I hope that if you find yourself feeling overwhelmed with homeschooling and all your other mom duties, you can take some time, even just a day or two, to regroup. Don't be ashamed to ask for help from your spouse, family or friends. And remember that it happens to most, if not all of us. It doesn't mean you are failing, and things will definitely get better if you can just get some rest and then reconnect with people who make you happy.

Tuesday, June 28, 2016

Let them talk! They're building language skills

I've never been a proponent of the idea that children should be seen and not heard. Sure, kids should learn manners, and as they grow they should figure out when it is appropriate to use their inside voices, or maintain a respectful silence, but in general, I am a big fan of allowing children to talk, both to one another and to adults.

I will, however admit to wanting to pull my hair out on occasion and scream, "Okay, enough, I don't care to hear one more word about Five Nights at Freddy's, thank you!" That's because I have an 8-year-old who is going through her motor mouth phase, and she never, ever seems to shut up.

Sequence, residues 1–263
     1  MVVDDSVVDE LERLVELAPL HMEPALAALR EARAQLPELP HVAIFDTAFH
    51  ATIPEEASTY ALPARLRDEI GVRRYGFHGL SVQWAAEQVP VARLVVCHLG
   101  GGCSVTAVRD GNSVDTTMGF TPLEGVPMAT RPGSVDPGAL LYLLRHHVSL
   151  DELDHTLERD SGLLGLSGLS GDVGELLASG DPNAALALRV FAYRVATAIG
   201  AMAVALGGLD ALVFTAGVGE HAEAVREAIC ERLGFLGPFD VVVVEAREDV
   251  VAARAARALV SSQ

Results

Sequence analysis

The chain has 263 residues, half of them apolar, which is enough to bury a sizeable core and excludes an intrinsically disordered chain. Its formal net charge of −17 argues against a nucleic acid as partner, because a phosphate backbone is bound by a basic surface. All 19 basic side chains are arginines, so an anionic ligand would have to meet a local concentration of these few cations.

But this past weekend, I was speaking at the Tulsa Homeschool Expo, and I had a chance between my sessions to sit down and listen to some of the other speakers, and one of the things I heard really struck me. 

Andrew Pudewa, in a session about building language skills, said that little kids need to hear themselves talk. Hearing themselves say words out loud is a crucial building block of language development.